SI Vault
 
How Swede It Isn't
Alan Shipnuck
September 28, 1998
Teamwork helped the U.S. overcome a bevy of Swedish stars at the Solheim Cup
Decrease font Decrease font
Enlarge font Enlarge font
September 28, 1998

How Swede It Isn't

Teamwork helped the U.S. overcome a bevy of Swedish stars at the Solheim Cup

View CoverRead All Articles View This Issue

It was a pretty raucous scene on Sunday evening at the closing ceremonies for the Solheim Cup. The band was blasting, the crowd was roaring, and the Europeans were gloating about their victory. "It's nice to have won the singles," Helen Alfredsson said above the cacophony. "That was our goal."

The Europeans did indeed take the Sunday singles matches, 6½ points to 5½, giving credence to the widespread pre-Cup belief that their top players were better than the best Americans. Alas, the Solheim is a team competition, and it was the U.S. players' superior depth and their ability to meld their games that in the end allowed them to prevail. The Americans assured their victory—the final score was 16-12—during the first two days of team play, when they ham-'n'-egged it around Muirfield Village Golf Club, in Dublin, Ohio, with uncanny efficiency.

"I've never been on a team like this," said Dottie Pepper, who is one of only two Americans, along with Betsy King, to have played in every Solheim Cup since the event was inaugurated in 1990. "We all bonded together so fast. I mean, at the opening ceremonies some of the players' shoes didn't fit, so we just switched pairs. When have you ever heard of a group of women doing something like that? Because the chemistry was so good each of us felt we could lean on anyone else and they'd come through. That trust showed up on the golf course."

And how. The Americans dominated the alternate shot foursomes, "the truest test of teamwork" according to Pepper, winning six of the eight matches.

Meanwhile, the European team had a fractured identity, reflecting the fact that its players were drawn from two tours (the American and the European LPGAs) and four countries. On Friday evening Laura Davies, the stalwart Englishwoman, was asked if she was a believer in "European unity." "No," she said flatly, and then with a self-conscious laugh she tried to recover. "As a golf European, I am," Davies said. "All that other stuff—I'm just a golfer; I don't know anything about it." European unity was a hot topic because European captain Pia Nilsson had raised more than a few eyebrows when she used four of her five captain's selections on Swedes, meaning she had the same passport as half the players on her team.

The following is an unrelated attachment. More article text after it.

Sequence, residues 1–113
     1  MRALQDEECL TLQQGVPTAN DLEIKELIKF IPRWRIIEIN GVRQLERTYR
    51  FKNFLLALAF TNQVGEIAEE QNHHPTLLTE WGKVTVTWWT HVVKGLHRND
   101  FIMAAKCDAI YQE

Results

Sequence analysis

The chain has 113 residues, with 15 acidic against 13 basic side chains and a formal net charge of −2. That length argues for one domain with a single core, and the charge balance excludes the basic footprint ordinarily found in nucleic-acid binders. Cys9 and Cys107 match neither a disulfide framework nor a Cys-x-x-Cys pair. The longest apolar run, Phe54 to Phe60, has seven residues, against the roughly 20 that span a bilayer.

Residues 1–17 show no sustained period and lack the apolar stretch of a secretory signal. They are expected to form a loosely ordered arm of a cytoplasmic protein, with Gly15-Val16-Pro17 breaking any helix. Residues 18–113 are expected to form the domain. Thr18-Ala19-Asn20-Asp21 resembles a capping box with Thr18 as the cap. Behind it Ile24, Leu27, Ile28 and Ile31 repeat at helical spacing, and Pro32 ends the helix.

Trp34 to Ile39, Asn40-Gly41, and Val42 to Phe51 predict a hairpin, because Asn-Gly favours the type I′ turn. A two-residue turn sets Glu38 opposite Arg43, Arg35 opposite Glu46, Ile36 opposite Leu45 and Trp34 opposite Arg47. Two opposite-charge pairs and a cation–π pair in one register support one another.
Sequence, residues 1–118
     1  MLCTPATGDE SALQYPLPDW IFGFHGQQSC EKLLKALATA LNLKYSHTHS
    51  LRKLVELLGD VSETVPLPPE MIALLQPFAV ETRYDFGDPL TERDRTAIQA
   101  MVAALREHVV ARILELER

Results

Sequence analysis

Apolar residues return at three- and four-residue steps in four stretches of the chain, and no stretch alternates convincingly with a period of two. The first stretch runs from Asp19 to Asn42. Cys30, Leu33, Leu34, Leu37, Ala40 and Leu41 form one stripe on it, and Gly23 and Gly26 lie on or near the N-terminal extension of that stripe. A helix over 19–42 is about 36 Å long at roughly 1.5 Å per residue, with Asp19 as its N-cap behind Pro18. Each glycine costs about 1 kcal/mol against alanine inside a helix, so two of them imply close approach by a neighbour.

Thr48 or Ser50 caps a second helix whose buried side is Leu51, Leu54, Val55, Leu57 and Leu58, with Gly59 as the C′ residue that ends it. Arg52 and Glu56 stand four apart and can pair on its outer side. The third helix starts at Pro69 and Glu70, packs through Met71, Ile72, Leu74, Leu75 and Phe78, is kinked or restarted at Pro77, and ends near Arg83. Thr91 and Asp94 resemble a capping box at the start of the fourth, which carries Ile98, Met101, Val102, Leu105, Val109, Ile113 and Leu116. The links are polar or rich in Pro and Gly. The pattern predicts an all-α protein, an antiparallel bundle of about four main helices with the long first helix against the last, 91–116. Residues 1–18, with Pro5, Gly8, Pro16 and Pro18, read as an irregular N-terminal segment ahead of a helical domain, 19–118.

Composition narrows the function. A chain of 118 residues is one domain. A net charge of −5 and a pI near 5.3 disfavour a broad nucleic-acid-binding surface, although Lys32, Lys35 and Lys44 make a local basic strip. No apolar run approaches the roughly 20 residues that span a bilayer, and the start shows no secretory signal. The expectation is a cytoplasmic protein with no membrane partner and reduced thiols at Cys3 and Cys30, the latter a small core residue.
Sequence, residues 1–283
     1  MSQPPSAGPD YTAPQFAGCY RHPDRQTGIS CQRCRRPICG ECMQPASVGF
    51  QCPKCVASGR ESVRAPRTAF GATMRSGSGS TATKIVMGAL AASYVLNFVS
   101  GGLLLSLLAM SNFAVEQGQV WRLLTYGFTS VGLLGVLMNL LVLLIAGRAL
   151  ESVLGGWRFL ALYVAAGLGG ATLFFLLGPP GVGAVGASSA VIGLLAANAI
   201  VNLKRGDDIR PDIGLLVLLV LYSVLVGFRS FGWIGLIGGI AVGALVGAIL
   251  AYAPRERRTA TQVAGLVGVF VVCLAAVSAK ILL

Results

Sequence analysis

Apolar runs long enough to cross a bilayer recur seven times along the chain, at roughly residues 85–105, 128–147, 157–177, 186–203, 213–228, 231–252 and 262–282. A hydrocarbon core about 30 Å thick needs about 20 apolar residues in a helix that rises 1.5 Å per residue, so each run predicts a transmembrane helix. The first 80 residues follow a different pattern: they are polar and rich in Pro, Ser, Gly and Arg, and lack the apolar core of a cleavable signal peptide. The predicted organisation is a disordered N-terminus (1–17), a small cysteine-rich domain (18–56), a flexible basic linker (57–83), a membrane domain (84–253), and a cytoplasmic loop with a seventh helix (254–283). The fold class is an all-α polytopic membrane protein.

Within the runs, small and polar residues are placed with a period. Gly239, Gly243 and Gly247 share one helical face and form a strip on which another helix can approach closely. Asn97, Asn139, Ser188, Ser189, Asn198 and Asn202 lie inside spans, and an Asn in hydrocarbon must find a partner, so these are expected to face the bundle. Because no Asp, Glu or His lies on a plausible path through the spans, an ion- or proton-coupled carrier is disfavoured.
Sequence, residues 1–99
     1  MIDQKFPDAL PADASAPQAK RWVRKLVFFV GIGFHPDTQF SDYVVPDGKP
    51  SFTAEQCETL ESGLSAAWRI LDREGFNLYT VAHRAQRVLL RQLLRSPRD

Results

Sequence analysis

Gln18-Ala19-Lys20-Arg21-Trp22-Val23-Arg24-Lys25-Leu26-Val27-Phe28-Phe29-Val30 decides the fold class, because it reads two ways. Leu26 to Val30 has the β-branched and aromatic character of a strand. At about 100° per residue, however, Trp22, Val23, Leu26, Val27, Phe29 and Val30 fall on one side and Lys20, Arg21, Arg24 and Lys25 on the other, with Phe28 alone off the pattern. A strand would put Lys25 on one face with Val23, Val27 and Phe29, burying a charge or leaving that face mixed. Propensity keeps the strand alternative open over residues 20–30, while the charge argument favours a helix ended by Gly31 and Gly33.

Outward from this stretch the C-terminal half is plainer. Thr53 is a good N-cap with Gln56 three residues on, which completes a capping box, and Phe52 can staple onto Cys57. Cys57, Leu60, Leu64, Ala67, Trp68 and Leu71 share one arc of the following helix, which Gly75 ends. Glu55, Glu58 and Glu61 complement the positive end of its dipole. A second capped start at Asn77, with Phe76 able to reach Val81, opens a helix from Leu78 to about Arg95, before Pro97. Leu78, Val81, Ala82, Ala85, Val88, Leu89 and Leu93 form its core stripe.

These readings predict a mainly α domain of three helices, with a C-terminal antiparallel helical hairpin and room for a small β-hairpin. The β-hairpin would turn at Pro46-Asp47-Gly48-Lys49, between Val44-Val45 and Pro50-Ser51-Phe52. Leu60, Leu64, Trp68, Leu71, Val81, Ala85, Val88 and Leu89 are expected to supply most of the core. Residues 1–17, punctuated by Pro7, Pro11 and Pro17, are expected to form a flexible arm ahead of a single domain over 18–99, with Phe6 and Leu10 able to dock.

Making the European chemistry even more combustible were a couple of spats involving Annika and Charlotta Sorenstam, the first sisters to play together in the Solheim Cup. It's old news that there's no love lost between Annika and her kid sis, who was a Cup rookie, and according to one team insider, "They acted the same as always—they ignored each other all week."

The bad blood between Charlotta and another prominent Swede, Carin Koch, was also felt at the Solheim because the feud has forced players to choose sides and may have played a part in Koch's being left off the European team. Once upon a time Koch and Charlotta were best friends, but all that changed after May's LPGA Corning Classic, when Sorenstam's fiancé, Robert Klasson, witnessed Koch's husband and caddie, Stefan, shake an errant drive by Koch out of a tree. (Sorenstam wasn't present, while Carin Koch was unable to see the tree in question.) After the round it was ruled that Koch should have been penalized for her caddie's actions, and she was disqualified for signing an incorrect scorecard. Sorenstam and Koch have been estranged ever since, and when Koch was passed over in favor of 24-year-old Sophie Gustafson, a less experienced Swede, charges and countercharges were leveled in the golf press on both sides of the Atlantic. Nilsson copped a plea, saying Koch was unable to play because she's pregnant, which is funny considering Tammie Green teed it up for the U.S. squad even though her pregnancy is six weeks further along than Koch's.

With all this intrigue as the backdrop, the Solheim kicked off at 8 a.m. on Friday morning with a tabloid-ready foursome match, Davies versus Pepper (with their partners, Trish Johnson and Juli Inkster, respectively, in tow). Davies and Pepper have been the emotional leaders of their teams since at least 1994, when they got into a very public scrap about Pepper's on-course comportment, which might be described as enthusiastic. Pepper and Inkster ambushed the Europeans from the first swing, and they forged a 4-up lead after only five holes. Davies and Johnson fought gamely to get back into the match, but they were forced to concede, embarrassingly, in the middle of the 17th fairway after failing to recover from Davies's monstrously crooked drive. This was not an encouraging start for the Europeans.

After the teams split the next two matches, things got worse for the Europeans when the U.S. team of Solheim rookie Pat Hurst and Kelly Robbins beat the world's third-ranked player, Liselotte Neumann, and her tenacious partner, Lisa Hackney, with a cold-blooded birdie on the 18th. Thus began the parade of unlikely stars for the Americans. "From Friday morning on it seemed like we had a new hero every hour," said Inkster.

Hurst and Rosie Jones opened the afternoon better-ball four ball with a record 7-and-5 whupping of Gustafson and Hackney, putting the U.S. up 4-1, an advantage it held by going 1-1-1 the rest of the day.

Continue Story
1 2